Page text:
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post #31 of 39
We need to stay out of it. We have done enough meddling in Iran since the 1950's.

Besides, even if we did help them, they would turn on us later the way it always happens.

We helped the Taliban expel the Russians from Afghanistan and look how THEY turned on us.
post #32 of 39
Thread Starter 
Wow. I'm really surprised at the lack of empathy here.

This isn't about the US, or Obama's speech in Cairo. Seriously...do you really think most of those people heard it? It certainly wasn't on their nightly news. It isn't about oil or how this could affect the world economy.

They had an election, and they cried foul. It wasn't fair, it was cheated. And for a country with a theocracy, to say the election was rigged is to say that the leaders who were appointed by God/Allah are wrong. That's a big step. That's as big of a step as some colony to say "No taxation without representation." Only bigger.

There's reports of the guard taking axes to the protesters. Shooting them like animals. Beating old men and women until they are soaked in their own blood.

But, meh, oh well. Not our problem. It's only about the oil, right?

Maybe it is just as bad or worse in Darfur or Burma. Maybe the difference is the technology. But I DO see Neda and her country men and women who are going out against impossible odds to voice their protests. And I see the world doing nothing. I see the British and Canadians and Germans making a stronger statement than the so-called "Leader of the Free World". I see the UN, as usual, doing absolutely nothing. And I ask myself why. I ask myself what it will take. I don't mean a military coup, but why can't there be a shout out to that cry in the dark. Something to encourage them. Something to tell the evil regime that what they are doing is against everything their own religion commands, everything that humanity has evolved toward, and the rest of the world simply will not allow it to continue.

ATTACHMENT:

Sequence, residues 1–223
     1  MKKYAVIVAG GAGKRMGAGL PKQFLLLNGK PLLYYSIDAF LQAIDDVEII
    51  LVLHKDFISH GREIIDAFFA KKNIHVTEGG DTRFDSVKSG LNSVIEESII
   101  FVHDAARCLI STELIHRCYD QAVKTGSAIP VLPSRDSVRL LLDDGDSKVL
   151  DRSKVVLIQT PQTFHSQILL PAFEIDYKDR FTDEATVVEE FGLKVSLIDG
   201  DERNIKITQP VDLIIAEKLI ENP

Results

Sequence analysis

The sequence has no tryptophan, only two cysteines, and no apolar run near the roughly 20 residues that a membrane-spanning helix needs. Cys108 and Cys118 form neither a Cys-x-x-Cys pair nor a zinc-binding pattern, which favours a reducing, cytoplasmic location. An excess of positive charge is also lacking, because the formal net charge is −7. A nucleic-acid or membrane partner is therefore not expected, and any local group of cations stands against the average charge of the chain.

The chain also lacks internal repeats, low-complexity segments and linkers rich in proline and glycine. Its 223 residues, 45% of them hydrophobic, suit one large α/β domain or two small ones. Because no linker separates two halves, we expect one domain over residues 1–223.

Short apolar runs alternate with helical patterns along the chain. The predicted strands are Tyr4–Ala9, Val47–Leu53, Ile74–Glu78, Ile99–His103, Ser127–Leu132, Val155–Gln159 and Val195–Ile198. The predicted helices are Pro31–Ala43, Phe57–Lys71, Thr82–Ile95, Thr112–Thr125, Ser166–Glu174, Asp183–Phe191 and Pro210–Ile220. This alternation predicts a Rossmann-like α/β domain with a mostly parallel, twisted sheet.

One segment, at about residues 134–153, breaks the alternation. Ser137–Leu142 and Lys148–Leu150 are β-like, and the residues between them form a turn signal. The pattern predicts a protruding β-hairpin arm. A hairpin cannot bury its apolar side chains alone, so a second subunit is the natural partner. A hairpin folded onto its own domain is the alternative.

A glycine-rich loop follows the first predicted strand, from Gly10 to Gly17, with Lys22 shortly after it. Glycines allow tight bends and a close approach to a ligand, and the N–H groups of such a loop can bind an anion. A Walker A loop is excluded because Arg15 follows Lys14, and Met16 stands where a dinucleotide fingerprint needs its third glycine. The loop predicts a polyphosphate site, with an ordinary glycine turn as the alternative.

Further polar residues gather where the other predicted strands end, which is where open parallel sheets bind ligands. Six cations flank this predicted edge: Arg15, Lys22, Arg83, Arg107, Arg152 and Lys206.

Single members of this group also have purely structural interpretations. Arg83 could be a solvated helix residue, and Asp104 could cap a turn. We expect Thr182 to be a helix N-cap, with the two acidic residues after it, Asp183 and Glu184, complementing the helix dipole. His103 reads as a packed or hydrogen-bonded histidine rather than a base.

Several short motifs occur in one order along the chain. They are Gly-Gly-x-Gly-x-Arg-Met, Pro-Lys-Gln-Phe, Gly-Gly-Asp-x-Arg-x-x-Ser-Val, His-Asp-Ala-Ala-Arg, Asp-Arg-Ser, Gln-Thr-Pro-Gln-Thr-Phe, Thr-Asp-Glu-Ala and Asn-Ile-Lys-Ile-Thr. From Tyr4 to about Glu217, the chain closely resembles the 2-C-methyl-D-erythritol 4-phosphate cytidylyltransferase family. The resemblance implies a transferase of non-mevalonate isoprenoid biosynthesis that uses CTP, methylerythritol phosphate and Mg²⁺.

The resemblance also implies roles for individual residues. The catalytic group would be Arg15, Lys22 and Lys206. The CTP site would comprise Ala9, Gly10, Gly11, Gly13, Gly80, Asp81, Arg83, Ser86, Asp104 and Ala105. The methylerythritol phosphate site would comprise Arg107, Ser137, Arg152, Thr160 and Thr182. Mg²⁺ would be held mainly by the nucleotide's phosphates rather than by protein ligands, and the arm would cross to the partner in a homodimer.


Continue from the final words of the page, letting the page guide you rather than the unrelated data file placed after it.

All that is necessary for the triumph of evil is that good men do nothing.

We, as the world community, are doing nothing. And it makes me so sad I can't even put it into words.
post #33 of 39
Hmm well- I think the point is that this sort of thing doesn't happen only in Iran. It's so unfortunate and sad that the UN does nothing. It makes me mad as well. But I can't help but question, like others did why we know so much about this, why so many people are so outraged while the war in Darfur or other equally serious and unfortunate events- we take them as not our business. You may say that's not true...Well for individuals it certainly isn't, many people indeed are aware of all conflicts where crimes against humanity are committed and sympathize with the victims and are equally outraged but I think for the US as a society it is true. The Iran conflict is so popular, even people who are completely apathetic and don't know squat about world events are putting green avatars on their twitter and facebook accounts, I haven't seen anything like it for any other revolution or war or genocide that has happened recently.
Asking this question to me doesn't mean you're not sympathetic to what's going on. To the average American, oil is probably not a concern, but the media catches on quickly where there may be an economic interest rather than simply sympathy for those who are dead. When things are this popular a lot of times it's the media who is responsible. Although like I mentioned I think this is different because of the accounts of participants on twitter.

And I also agree we need to stay out of it, foreign intervention rarely helps. I know people say Iraq was a success, I leave it up to others to decide but IMO we cannot yet say.
post #34 of 39
Quote:
Originally Posted by valanhb View Post
Wow. I'm really surprised at the lack of empathy here.

We, as the world community, are doing nothing. And it makes me so sad I can't even put it into words.